Now this is what took place in that little journey across the sea to escape the pressure of His Galilean ministry. And suddenly, as they were going across the sea, the violent winds began to beat, and the waves to rise, and the lapping of the water into the boat, so much that the boat was about full and almost ready to sink. So in their jeopardy, they come to the Master and awaken Him and say, “Master, carest Thou not that we perish? [Mark 4:38] Save Lord, save! Our ship is going down. It is sinking.” And the Lord arose and thus spoke the word, no effort, no agony of trials, no toiling, He arose and He spoke to the wind and to the sea, “Peace, Be still.” And the wind ceased, and there was suddenly a great calm [Mark 4:39].
As you know, in the aftermath of a storm there is still the lowering of the clouds, and the thunder and the lighting the children sang about, and the moving of those mountainous waves. Nothing; when He spoke the word, there was stillness, stillness in the heavens above, stillness in the raging winds around, and stillness in the sea of glass before. And the disciples were afraid; such a miraculous intervention! And in the presence of the great sovereignty of God all of us tremble, and they were afraid, and they said, “What kind of a man is this that even the wind and the sea obey Him?” [Mark 4:41] They’re in His hands. He is their Master, and they feared exceedingly [Mark 4:41].
How many times do you find that in the Word of God, in the story of our Master, His humanity? A man like any other man, weary like any other man wearies, tired, weeping, brokenhearted like any other man, just a human being as we are. And then in a flash, in a moment, in the next breath, in the next sentence, there is unveiled the glory of His deity. And they will be side by side, spoken in the same breath and delineated in the same sentence. Like when He was born in Bethlehem [Luke 2:11], we go inside the stable and look. Anybody would be welcome in a stable. You have no timidity entering a stable. And we enter into the stable, and there we see a child in His mother’s arms. A child like any other child, a babe like any other babe, loved like a mother, any other, would love her babe, especially poor in this instance. They are plainly peasants; and there is the mother and there is the Child in a stable [Luke 2:11-12, 16], just like any other mother, like any other child.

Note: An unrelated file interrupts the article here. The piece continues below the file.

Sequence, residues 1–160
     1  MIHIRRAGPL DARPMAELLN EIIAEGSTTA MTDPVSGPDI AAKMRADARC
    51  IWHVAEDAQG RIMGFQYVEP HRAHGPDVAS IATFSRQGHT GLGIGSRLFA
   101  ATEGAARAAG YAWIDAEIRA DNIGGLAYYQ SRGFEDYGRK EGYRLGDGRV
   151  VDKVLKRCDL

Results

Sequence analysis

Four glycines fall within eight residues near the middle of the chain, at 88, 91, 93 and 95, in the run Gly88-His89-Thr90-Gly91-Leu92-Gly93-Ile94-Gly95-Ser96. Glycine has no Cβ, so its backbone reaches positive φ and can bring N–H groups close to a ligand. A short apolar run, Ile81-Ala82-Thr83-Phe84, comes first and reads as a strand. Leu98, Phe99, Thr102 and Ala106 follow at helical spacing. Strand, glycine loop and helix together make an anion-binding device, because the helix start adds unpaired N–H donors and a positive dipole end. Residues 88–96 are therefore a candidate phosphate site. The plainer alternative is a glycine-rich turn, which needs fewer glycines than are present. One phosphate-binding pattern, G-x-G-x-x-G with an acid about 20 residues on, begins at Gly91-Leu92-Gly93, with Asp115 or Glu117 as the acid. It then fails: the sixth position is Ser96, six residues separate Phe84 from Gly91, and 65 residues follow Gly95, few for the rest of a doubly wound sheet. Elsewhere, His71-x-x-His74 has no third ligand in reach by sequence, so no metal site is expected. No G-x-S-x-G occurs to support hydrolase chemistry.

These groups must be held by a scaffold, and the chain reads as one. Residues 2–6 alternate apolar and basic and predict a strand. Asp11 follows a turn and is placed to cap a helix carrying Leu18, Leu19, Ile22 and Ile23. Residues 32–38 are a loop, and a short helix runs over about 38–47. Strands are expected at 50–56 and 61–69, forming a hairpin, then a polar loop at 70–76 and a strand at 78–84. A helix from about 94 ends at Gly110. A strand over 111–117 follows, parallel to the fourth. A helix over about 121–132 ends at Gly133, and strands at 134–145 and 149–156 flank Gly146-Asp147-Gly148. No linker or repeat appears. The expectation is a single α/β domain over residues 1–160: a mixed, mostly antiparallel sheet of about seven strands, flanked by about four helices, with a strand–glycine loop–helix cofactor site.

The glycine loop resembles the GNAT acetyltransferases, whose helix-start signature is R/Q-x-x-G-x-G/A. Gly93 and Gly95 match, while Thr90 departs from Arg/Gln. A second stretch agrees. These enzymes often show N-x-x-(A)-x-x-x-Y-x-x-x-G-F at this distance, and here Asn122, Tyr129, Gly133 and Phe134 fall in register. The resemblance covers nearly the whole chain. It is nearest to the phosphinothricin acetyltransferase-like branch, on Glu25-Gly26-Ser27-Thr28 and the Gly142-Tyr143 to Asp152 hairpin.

Then in the next moment, while we are standing there looking, there come breathlessly in shepherds from the Bethlehem fields [Luke 2:8-18], and they describe the heavens opening, and the angels singing, and the announcement of the birth of the Savior of the world! [Luke 2:20]. And no sooner are we amazed at the story of the shepherds, than we fall into the story of the wise men and the miraculous star! [Matthew 2:1-10] And they are bowing before the King of all the earth and the Prince of glory [Matthew 2:11], and in our astonishment we say, “What manner of child is this?” Side by side, His humanity and His deity.
Or again, we mingle with the throngs on the banks of the Jordan River, and the great Baptist preacher named John is announcing the kingdom of heaven, and he is baptizing his converts in the water of the Jordan River. And by the thousands and the thousands, men from every section of Palestine are pouring down there in that Judean wilderness, and are repenting, and are being baptized by John the Baptist [Matthew 3:1-6]. And among those thousands that come, there is a carpenter from Galilee who has walked that sixty miles from Nazareth, down to the Jordan to be baptized by John the Baptist, and as we look in the crowd and the multitude, He is just one of the thousands of men who are there listening to the Baptist preacher. And He is baptized as any other of that multitude that is baptized [Matthew 3:13-15].